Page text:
In January 2007, Harrison was the driver of a vehicle when it was stopped. A police report said he tried to eat a baggie containing cocaine. He had the bag hidden behind gold fake teeth or “fronts.” The officer noticed one side of his face looked puffy. When the officer told him to open his mouth, the officer reached in and grabbed the bag. He was again charged with altering/destroying evidence.
In May 2007, Harrison was the passenger in a vehicle that was stopped for a seat belt violation. Officers searched the vehicle and the passengers. Harrison was arrested after a baggie containing cocaine fell from his pants.
In September 2007, Harrison was convicted of habitual felon, cocaine possession, assault on a police officer, destroying evidence and communicating threats. These are the charges he is currently serving time for and is likely to be released in 2013.
Five children
Harrison says his responsibility shifted from taking care of his sister and brother to taking care of his children, who are now 15, 14, 12 and 7-year-old twins.
His children are at the critical age where they could take the same path he did. The oldest is the same age he was when he was first arrested.
“I tell him, don’t follow in my footsteps. Right now most kids come up and start selling. I’m just glad my kids ain’t like that,” he says.
Harrison, who got his GED in prison, says his oldest is smart. “He’s a genius … They are all smart.”
He told them whatever they do in life, do it, “as long as they stay out of the streets,” he says.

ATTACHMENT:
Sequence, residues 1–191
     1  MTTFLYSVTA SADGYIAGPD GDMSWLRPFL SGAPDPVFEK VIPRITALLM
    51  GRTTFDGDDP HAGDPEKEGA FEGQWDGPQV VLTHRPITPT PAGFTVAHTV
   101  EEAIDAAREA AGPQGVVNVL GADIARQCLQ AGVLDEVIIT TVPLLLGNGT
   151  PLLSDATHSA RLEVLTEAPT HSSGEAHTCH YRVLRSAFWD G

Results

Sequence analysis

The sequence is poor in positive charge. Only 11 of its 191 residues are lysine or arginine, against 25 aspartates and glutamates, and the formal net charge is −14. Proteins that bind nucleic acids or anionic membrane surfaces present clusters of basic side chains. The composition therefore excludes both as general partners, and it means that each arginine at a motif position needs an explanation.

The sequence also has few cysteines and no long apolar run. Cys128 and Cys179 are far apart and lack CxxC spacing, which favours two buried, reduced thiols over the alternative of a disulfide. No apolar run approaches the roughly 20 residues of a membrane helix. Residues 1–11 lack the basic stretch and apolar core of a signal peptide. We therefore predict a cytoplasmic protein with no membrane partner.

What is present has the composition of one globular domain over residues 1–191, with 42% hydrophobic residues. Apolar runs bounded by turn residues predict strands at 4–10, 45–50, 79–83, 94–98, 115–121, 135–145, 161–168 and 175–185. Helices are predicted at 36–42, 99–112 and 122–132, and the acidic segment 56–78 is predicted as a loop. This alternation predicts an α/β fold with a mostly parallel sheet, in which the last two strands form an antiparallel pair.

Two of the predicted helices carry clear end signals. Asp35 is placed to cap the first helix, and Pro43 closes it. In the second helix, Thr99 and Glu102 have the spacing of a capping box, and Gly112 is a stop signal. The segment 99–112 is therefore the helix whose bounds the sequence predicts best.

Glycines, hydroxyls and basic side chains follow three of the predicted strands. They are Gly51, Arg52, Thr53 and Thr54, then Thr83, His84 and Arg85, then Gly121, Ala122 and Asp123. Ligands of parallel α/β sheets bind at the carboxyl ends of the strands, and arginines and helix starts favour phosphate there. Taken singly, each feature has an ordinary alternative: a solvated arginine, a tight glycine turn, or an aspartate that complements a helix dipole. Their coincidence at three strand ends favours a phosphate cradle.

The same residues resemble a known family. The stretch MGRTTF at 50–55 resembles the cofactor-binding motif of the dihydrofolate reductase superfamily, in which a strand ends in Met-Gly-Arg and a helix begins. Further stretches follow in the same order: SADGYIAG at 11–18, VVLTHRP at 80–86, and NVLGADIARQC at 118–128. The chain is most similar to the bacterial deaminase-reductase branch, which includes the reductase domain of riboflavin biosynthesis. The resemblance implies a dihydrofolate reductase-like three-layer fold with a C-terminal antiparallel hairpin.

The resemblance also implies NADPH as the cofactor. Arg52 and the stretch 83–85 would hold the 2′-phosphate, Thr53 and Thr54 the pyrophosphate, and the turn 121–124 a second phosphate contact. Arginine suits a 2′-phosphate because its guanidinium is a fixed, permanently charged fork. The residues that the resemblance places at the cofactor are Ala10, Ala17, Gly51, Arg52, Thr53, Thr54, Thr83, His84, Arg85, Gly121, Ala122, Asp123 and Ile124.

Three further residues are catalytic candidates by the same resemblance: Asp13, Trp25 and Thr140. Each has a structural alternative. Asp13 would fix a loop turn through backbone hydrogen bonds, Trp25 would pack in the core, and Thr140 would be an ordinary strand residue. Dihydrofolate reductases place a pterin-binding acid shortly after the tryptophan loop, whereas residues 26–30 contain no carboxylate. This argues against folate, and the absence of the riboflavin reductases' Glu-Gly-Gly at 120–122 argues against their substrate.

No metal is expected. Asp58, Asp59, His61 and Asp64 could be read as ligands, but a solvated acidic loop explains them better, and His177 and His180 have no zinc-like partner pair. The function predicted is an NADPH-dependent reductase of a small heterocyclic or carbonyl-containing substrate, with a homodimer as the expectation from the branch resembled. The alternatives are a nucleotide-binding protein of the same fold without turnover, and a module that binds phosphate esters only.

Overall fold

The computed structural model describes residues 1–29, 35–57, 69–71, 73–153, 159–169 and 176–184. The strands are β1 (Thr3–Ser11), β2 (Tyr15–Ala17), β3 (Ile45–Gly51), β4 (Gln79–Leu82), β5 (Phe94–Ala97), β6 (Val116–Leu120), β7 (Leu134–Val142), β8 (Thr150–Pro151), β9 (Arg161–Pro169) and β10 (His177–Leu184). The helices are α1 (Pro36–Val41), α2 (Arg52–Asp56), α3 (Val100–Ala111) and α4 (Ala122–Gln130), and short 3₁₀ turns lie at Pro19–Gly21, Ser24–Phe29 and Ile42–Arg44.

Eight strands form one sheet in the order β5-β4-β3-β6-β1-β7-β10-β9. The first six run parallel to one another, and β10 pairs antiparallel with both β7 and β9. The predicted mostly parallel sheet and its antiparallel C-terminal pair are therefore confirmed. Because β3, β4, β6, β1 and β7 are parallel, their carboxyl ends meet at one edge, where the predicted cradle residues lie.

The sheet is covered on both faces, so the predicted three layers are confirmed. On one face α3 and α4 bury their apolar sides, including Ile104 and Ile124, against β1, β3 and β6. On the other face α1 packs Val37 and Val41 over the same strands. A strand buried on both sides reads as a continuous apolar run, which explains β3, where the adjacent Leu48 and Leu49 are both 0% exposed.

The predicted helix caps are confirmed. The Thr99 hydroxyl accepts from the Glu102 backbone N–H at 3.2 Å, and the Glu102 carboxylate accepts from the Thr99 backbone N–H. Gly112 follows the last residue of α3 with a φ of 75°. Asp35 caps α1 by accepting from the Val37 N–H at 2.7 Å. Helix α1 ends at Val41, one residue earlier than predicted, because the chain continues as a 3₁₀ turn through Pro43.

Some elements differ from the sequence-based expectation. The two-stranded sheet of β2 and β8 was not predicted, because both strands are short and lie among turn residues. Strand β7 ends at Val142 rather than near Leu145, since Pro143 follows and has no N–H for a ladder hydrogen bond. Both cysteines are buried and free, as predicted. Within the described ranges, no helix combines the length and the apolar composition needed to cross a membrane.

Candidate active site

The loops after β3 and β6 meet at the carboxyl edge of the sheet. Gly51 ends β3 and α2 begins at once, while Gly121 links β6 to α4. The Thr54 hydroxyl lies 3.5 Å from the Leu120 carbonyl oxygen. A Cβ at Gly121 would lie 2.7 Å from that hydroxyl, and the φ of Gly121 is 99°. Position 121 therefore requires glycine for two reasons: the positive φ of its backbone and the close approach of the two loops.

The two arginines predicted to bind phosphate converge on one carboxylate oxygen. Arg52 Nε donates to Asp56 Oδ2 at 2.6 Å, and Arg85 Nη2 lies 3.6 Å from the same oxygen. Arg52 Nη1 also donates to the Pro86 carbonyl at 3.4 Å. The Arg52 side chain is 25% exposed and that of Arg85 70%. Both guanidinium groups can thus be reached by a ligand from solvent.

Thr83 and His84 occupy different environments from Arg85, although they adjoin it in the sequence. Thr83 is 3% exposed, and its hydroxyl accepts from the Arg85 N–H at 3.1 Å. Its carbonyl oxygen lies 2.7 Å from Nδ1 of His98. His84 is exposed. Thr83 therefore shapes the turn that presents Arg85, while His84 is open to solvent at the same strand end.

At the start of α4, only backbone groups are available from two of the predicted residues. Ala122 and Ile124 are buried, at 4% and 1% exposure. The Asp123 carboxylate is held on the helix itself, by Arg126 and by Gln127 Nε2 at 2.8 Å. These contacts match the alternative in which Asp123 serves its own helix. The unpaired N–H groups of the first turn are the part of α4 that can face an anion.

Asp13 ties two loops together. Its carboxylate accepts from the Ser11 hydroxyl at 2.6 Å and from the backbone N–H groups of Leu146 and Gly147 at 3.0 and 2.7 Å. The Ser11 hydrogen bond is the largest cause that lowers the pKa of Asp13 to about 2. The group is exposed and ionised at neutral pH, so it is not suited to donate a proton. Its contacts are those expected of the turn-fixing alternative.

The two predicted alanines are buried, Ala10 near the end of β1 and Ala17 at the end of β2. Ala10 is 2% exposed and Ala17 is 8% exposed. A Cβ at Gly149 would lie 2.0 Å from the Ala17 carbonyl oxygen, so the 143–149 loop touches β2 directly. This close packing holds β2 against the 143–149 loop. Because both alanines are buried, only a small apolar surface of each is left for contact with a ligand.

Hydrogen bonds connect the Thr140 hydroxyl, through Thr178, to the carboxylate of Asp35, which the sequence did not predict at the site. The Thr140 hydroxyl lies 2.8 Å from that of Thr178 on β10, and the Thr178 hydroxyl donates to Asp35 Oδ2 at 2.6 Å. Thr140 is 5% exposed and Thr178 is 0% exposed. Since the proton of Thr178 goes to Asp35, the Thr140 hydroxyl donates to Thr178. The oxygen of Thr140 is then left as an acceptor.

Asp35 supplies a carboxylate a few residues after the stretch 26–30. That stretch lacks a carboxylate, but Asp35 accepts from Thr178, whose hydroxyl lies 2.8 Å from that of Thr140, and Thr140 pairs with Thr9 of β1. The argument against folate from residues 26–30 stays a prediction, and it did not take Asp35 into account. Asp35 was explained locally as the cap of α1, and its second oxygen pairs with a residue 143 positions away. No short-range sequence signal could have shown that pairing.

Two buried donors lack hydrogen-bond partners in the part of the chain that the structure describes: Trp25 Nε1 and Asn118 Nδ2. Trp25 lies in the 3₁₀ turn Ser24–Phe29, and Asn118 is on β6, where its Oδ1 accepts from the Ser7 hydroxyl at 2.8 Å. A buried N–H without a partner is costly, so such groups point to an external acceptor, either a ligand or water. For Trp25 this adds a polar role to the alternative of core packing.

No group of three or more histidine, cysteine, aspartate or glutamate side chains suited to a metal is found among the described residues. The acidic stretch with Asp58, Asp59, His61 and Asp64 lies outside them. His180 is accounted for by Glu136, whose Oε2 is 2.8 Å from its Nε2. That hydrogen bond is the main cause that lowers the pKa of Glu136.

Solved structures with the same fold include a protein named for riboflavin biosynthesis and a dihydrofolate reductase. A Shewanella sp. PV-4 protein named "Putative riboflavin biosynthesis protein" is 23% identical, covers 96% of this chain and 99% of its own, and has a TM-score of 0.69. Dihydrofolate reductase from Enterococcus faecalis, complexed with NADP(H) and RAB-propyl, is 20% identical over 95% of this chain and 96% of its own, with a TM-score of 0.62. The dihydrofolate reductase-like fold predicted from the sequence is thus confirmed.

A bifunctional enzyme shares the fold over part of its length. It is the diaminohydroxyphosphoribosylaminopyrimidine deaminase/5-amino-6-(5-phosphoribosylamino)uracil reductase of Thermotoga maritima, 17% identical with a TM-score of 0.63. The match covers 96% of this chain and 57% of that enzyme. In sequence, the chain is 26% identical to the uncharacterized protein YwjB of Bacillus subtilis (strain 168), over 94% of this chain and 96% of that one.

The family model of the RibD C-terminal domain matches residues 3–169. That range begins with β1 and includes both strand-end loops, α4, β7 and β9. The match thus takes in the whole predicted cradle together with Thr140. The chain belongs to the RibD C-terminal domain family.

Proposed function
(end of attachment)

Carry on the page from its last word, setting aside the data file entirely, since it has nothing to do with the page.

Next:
Harrison has had conversations with his children and is honest with them about his dealings with law enforcement.
“I keep it real. I lay it down to them. I say, ‘Don’t do this.’ ”
Harrison doesn’t believe his lack of parental guidance led him to a life of crime. In fact, he lived with an aunt who he says took good care of him and even got him a job in his early 20s. He lost the job when Cone Mills closed its Salisbury plant. He admits he did what he wanted, despite his aunt’s care and concern.
“I got a lot of support, but when that baby needs something, you gotta feed that baby,” he says.
His girlfriend even convinced him to stop, but when she needed money to pay a bill, Harrison did what he knew — he sold drugs.
“It’s a revolving door,” he says. He would advise teens to stay away from a life of crime.
‘Do the right thing’
Harrison says teens today need to get a pat on the back and know someone cares.
He doesn’t fight the stigma of his record. “Where I’m from, they know me. They know I sold dope,” he says.
But he hopes once his sentence is complete, he can get a job to take care of his children.
Does he think he’s a bad person?
“No, I just sell dope,” Harrison says.
He hopes to prove the naysayers wrong. Harrison will be released from prison in less than three years.
“I’m trying to do the right thing when I get out. This ain’t no place for nobody.”
Contact reporter Shavonne Potts at 704-797-4253.